To determine whether ArfGAP1-C/YFP functions as a GAP for Arf1 in vivo, we looked for evidence of increased Arf1 GTP hydrolysis in cells expressing ArfGAP1-C/YFP at moderate-to-high expression levels by transient transfection. Three lines of evidence were found. First, in cells coexpressing ArfGAP1-YFP and Arf1-CFP, the Golgi pool of Arf1-CFP was reduced relative to cells expressing Arf1-CFP alone (Fig. 1 B), which is consistent with increased ArfGAP1 activity from expression of ArfGAP1-YFP shifting the steady-state distribution of Arf1 from membranes to cytoplasm due to increased Arf1 GTP hydrolysis and release from membranes. Second, in cells treated with brefeldin A (BFA), a drug that blocks Arf1 recruitment to membranes (permitting Arf1 dissociation to be observed in the absence of rebinding; Peyroche et al., 1999), Arf1-CFP's dissociation rate was increased in the presence of ArfGAP1-YFP (Fig. 1 C) as expected for conditions in which Arf1 GTP hydrolysis on membranes is increased. No increased Arf1-CFP release was observed in BFA-treated cells overexpressing YFP-tagged ArfGAP1 mutant that lacks the zinc finger motif and has negligible GAP activity (ArfGAP1Δ64N-YFP; Huber et al., 1998). Indeed, in these cells, the Arf1-CFP dissociation rate during BFA treatment was reduced (Fig. 1 C) possibly due to competition between endogenous and mutated ArfGAP1 for binding sites on Golgi membranes (see below). Third, in cells coexpressing ArfGAP1-CFP and the Golgi enzyme marker galactosyltransferase tagged with YFP (GalT-YFP), GalT-YFP redistributed into the ER while ArfGAP1-CFP became cytoplasmic at high ArfGAP1-CFP expression levels (10–50 times greater than in low expressing cells; Fig. 1 D, see arrows). Because this type of redistribution is characteristic of cells with reduced levels of Arf1 GTP on membranes (Dascher and Balch, 1994), the results suggested there was increased ArfGAP1 activity in these cells due to ArfGAP1-YFP expression. Based on these findings, we concluded that ArfGAP1-YFP correctly functions as a GAP for Arf1 when expressed in cells.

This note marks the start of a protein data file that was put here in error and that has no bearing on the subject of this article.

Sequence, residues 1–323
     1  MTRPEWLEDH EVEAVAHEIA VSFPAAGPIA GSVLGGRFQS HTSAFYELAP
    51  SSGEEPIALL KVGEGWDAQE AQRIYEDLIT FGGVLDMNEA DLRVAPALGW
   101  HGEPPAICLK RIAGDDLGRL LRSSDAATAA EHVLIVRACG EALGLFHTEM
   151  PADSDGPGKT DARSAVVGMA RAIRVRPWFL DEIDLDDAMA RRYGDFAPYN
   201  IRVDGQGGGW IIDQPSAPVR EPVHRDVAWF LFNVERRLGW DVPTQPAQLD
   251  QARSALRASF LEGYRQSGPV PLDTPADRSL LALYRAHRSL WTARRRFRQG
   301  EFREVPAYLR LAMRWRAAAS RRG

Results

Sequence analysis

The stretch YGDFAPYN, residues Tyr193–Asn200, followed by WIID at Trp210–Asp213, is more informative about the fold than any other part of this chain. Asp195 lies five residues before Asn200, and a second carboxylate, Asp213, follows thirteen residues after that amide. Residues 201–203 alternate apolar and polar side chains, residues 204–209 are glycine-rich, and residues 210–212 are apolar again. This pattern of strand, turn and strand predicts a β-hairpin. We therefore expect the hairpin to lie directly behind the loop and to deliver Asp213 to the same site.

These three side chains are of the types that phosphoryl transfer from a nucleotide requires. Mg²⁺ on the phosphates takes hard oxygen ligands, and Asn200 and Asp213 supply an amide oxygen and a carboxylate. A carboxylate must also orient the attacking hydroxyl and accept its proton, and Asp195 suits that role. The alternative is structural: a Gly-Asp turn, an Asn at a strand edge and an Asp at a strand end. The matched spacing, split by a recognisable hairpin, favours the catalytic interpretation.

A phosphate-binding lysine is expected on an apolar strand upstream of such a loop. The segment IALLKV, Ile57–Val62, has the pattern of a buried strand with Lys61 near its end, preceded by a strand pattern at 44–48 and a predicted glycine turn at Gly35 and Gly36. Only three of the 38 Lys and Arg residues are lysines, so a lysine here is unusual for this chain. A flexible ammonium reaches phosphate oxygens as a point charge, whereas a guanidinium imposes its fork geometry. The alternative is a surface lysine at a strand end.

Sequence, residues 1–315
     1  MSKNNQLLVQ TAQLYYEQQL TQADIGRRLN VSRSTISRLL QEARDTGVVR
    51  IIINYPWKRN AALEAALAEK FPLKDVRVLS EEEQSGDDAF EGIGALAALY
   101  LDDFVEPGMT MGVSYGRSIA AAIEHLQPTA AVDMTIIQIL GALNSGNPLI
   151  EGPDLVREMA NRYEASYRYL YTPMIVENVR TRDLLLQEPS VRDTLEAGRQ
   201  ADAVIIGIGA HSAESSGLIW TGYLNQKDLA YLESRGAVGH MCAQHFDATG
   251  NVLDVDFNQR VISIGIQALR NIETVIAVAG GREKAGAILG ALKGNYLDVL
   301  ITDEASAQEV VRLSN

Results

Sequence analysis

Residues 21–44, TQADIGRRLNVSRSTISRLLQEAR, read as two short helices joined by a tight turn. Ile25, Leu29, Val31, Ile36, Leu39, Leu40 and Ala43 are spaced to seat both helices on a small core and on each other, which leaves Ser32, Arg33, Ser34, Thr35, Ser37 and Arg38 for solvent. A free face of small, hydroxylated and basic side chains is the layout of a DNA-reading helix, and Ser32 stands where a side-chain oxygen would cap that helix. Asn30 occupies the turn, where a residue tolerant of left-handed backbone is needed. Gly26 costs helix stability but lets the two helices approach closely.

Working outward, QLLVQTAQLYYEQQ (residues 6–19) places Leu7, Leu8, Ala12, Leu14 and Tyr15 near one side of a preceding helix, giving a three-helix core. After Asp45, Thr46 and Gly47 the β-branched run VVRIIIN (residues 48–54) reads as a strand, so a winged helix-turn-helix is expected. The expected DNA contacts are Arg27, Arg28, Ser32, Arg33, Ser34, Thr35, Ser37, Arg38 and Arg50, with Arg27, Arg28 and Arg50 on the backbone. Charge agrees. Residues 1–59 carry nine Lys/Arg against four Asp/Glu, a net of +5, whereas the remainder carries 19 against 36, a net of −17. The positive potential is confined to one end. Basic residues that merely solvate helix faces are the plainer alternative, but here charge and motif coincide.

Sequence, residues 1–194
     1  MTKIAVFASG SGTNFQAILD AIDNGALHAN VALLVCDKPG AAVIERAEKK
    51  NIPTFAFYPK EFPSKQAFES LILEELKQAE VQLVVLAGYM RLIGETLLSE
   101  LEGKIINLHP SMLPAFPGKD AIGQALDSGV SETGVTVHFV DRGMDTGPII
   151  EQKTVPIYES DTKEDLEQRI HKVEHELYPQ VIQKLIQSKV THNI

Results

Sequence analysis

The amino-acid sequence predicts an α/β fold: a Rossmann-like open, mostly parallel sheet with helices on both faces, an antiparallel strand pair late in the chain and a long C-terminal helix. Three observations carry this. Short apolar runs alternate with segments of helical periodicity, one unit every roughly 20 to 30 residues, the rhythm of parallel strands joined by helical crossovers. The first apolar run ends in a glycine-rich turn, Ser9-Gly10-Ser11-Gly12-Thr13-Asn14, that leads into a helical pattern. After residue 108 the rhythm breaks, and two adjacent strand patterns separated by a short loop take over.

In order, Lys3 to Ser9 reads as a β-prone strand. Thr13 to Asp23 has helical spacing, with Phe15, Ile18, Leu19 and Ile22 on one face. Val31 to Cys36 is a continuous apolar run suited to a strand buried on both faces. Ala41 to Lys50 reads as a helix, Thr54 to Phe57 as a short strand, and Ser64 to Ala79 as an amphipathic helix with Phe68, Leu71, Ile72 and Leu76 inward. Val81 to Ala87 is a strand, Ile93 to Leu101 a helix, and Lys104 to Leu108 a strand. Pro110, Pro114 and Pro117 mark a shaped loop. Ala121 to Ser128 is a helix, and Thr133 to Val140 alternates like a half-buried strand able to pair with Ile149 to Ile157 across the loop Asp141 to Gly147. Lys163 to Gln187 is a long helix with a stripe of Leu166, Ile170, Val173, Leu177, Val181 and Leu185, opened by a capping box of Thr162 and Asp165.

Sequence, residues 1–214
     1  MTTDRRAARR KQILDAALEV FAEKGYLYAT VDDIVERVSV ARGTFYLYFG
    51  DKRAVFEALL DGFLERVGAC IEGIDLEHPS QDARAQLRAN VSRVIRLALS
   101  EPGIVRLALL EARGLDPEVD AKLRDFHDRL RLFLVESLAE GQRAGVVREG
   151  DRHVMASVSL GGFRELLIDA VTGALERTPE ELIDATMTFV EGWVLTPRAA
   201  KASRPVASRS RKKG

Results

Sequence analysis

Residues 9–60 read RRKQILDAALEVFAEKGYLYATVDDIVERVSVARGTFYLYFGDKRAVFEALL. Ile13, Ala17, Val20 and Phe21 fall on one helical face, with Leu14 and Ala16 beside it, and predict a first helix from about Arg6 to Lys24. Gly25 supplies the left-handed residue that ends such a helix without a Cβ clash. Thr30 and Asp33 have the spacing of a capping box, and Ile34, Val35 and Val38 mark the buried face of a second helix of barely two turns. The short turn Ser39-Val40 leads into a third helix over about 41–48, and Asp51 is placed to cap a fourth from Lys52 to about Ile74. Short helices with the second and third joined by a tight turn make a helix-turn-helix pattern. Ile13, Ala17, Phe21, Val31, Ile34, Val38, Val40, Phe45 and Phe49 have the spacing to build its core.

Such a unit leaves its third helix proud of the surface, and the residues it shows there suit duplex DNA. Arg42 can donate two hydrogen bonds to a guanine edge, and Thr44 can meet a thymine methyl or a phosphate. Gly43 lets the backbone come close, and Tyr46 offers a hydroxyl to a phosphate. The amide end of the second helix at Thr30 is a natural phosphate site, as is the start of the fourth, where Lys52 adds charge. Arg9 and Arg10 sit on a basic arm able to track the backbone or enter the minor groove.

ArfGAP's membrane association–dissociation cycle and its modulation by Arf1
Given that ArfGAP1-YFP appropriately targets and functions within cells, we used the chimera in experiments aimed at investigating the kinetic properties of ArfGAP1's association with Golgi membranes. These and subsequent experiments were performed in the stable NRK cell line that expresses ArfGAP1-YFP at low levels (2.5-fold above endogenous ArfGAP1), unless indicated otherwise. We first addressed whether ArfGAP1 resides stably or only transiently after being recruited to Golgi membranes. This was accomplished using FRAP. Upon photobleaching the Golgi pool of fluorescence, we observed rapid recovery from the nonbleached cytoplasmic pool, with the original, prebleach fraction of Golgi fluorescence (i.e., 20% of the total cellular pool) completely restored in just under 1 min (Fig. 2, A and D). As ArfGAP1-YFP in the cytoplasm recovered into a photobleached box with a half-time of 1 s (not depicted), the recovery rate of ArfGAP1-YFP observed after photobleaching the Golgi was determined primarily by membrane association–dissociation processes (and was not limited by ArfGAP1-YFP diffusion through the cytoplasm). We concluded, therefore, that Golgi-associated ArfGAP1-YFP molecules undergo rapid exchange with freely diffusing ArfGAP1-YFP molecules in the cytoplasm, and that an individual ArfGAP1-YFP molecule spends only a short period bound to Golgi membranes. Evidence that all Golgi-associated ArfGAP1-YFP molecules are dynamically associated with the Golgi in this manner was suggested by the fact that when the cytoplasm was repeatedly photobleached using the technique of fluorescence loss in photobleaching (FLIP; for review see Lippincott-Schwartz et al., 2001), virtually all Golgi-associated ArfGAP1-YFP fluorescence was lost over time (Fig. 2 B, FLIP). Hence, ArfGAP1 resides only transiently after being recruited to Golgi membranes.